This review compares the nutrient-tracking apps MyFitnessPal, by Under Armor, and MyPlate, by Livestrong. While both offer the ability to track your weight, activity level, and several other parameters, this review focuses on their nutrient-tracking ability. I’m reviewing the free versions of the apps: both have paid versions that offer more intricate tracking and reporting. In the end, they’re both top-notch, and your choice will depend on your priorities.
About a year ago, I moved from Washington, DC, to Kigali, Rwanda to work for a year. In Washington I had a long walking and Metro (subway) commute. According to my Fitbit, I walked about 12,000 steps a day as part of my daily routine. Here in Kigali, my commute is a seven-minute walk to the office. This, combined with my wife’s excellent home cooking, had the waistband of my pants growing tighter and tighter. With my return home in sight I decided to start tracking my food intake, as I also ramped up my gym and walking habits. I’ve used the MyPlate web site in the past, but their new iPad app looked even better, and I started tracking my food intake with it. A few weeks later I read this excellent post from Jim Dalrymple of Loop Insights, one of my very favorite Apple-focused bloggers. If you haven’t read his inspirational post about using the Apple Watch and the MyFitnessPal (aka MFP) app to lose over 40 lbs, I highly recommend it. I decided to give MFP a try based on his good experience. There are pros and cons to both apps, so read more below to help decide which is for you.
On both apps setup is very simple: enter your height, weight, gender, goal weight, daily activity level, and how many pounds per week you want to lose. The app then generates a goal weight for you. The apps also generate nutrient goals (e.g., how many grams of protein you should have) automatically.
The worst part of tracking your diet is entering every morsel that you put in your mouth. Nothing can make it completely effortless, but both apps help by having a huge database of every restaurant and grocery-store food you can imagine, and by remembering what you eat frequently so you don’t have to search for the same thing over and over again. In both apps, you first tap on the meal you want to track: breakfast, lunch, dinner, or snacks. Doing so brings up an entry panel where you can scroll your list of frequently eaten foods and pick one, or search for a new food. The apps are about equal in terms of searching and finding the right food. Items from most fast-food restaurants are included in both, as well as packaged and fresh foods of every kind. I’ve even searched for what I thought were relatively obscure foods like Ethiopian njera or shiro wat, and found a dozen choices for each.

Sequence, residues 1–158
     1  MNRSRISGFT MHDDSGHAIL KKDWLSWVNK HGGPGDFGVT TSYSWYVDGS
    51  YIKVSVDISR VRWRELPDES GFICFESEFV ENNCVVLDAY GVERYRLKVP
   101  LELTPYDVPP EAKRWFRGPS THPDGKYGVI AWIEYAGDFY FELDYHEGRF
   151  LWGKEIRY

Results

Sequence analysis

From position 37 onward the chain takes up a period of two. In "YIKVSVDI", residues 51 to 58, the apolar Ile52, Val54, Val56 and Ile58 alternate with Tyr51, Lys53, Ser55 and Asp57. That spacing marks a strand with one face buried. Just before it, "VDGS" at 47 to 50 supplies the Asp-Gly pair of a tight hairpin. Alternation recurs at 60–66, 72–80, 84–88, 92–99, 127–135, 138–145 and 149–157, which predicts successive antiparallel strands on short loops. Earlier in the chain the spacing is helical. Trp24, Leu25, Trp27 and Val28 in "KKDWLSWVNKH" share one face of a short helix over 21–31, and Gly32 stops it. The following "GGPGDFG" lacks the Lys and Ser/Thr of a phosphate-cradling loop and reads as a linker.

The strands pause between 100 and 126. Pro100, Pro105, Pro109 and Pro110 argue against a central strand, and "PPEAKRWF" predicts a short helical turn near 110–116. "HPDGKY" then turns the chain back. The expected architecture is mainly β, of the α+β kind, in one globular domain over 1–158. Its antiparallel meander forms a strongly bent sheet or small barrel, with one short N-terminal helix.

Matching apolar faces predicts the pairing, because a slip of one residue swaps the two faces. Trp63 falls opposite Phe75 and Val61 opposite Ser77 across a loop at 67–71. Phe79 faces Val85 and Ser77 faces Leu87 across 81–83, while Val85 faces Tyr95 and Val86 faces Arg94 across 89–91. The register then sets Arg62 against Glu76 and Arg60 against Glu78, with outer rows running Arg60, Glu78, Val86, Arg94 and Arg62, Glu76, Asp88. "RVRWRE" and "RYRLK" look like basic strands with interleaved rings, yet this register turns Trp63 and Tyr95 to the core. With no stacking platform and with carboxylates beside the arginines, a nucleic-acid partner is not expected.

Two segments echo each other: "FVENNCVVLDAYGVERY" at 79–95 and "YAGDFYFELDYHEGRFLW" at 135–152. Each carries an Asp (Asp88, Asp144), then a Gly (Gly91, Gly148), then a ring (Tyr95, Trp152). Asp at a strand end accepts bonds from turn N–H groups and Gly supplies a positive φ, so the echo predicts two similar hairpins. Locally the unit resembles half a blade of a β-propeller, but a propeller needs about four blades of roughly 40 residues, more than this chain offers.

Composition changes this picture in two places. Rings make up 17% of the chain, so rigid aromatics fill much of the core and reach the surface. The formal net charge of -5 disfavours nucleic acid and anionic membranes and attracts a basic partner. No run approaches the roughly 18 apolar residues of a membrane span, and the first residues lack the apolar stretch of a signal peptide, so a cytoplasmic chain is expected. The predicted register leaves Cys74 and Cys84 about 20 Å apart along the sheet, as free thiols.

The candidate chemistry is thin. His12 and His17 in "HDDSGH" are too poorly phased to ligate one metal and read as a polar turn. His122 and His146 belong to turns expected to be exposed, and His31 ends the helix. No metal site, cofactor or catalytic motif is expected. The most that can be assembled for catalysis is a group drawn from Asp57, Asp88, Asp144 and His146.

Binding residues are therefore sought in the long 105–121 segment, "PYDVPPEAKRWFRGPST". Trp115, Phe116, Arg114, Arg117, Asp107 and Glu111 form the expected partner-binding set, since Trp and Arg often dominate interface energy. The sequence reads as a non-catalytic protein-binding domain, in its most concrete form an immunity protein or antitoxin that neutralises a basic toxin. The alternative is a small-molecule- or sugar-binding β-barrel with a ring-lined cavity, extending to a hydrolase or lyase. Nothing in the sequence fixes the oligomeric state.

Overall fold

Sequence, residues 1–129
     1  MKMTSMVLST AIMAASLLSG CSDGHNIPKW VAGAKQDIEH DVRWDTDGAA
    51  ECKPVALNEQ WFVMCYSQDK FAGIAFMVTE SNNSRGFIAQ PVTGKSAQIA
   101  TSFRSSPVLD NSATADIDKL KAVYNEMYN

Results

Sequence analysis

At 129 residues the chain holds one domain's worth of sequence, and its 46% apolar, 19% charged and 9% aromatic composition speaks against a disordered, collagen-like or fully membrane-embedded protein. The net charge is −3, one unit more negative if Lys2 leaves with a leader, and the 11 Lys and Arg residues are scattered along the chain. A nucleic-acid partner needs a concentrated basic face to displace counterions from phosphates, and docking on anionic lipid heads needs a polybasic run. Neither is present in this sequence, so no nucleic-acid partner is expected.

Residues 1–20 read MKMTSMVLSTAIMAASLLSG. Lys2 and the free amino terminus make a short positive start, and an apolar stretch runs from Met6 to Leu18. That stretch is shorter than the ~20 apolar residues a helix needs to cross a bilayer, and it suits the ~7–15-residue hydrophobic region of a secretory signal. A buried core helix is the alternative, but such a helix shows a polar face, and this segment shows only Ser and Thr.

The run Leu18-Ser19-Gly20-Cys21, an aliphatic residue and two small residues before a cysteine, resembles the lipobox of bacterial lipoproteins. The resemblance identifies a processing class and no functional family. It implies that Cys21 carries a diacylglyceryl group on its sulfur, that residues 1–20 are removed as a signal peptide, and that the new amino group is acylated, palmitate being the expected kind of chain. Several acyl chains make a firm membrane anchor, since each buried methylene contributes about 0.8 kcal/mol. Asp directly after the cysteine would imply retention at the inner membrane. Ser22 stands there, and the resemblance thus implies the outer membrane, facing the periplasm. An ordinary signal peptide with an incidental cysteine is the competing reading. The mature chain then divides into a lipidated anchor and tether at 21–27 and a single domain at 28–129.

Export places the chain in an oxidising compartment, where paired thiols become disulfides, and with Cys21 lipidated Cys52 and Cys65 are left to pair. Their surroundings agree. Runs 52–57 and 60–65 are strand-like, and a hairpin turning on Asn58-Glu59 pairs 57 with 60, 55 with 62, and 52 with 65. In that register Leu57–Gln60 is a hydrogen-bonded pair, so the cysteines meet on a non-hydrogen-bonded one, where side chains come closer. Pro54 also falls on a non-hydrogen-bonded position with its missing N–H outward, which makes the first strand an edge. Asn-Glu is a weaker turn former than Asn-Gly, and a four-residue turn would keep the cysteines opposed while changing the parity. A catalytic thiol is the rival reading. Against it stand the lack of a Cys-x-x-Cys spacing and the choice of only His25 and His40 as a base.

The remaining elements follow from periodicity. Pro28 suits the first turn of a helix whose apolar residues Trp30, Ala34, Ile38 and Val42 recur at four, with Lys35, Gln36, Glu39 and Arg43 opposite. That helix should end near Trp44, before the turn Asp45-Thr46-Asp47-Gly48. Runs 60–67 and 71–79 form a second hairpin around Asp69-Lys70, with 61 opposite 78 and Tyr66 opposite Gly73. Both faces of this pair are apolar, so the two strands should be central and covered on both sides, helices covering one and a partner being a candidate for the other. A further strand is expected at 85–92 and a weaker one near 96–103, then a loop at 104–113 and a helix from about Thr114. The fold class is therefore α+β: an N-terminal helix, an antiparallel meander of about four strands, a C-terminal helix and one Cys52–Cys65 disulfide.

When picking frequently eaten foods, MFP holds the slight edge, as it remembers your portion size, where MyPlate always presents the stock portion size that you may have to adjust. For example, I frequently eat Cheerios with ½-cup of soy milk. Even though the stock portion size in both apps is one cup, MFP remembers that last time I only used ½ cup, so presents me with that portion so I can just tap the check mark and be done. MyPlate makes me change “1C” to “1/2 serving” every time. This is a small complaint, but remember we’re trying to make the process as painless as possible.
Verdict: MFP, by a nose
Daily nutrient reporting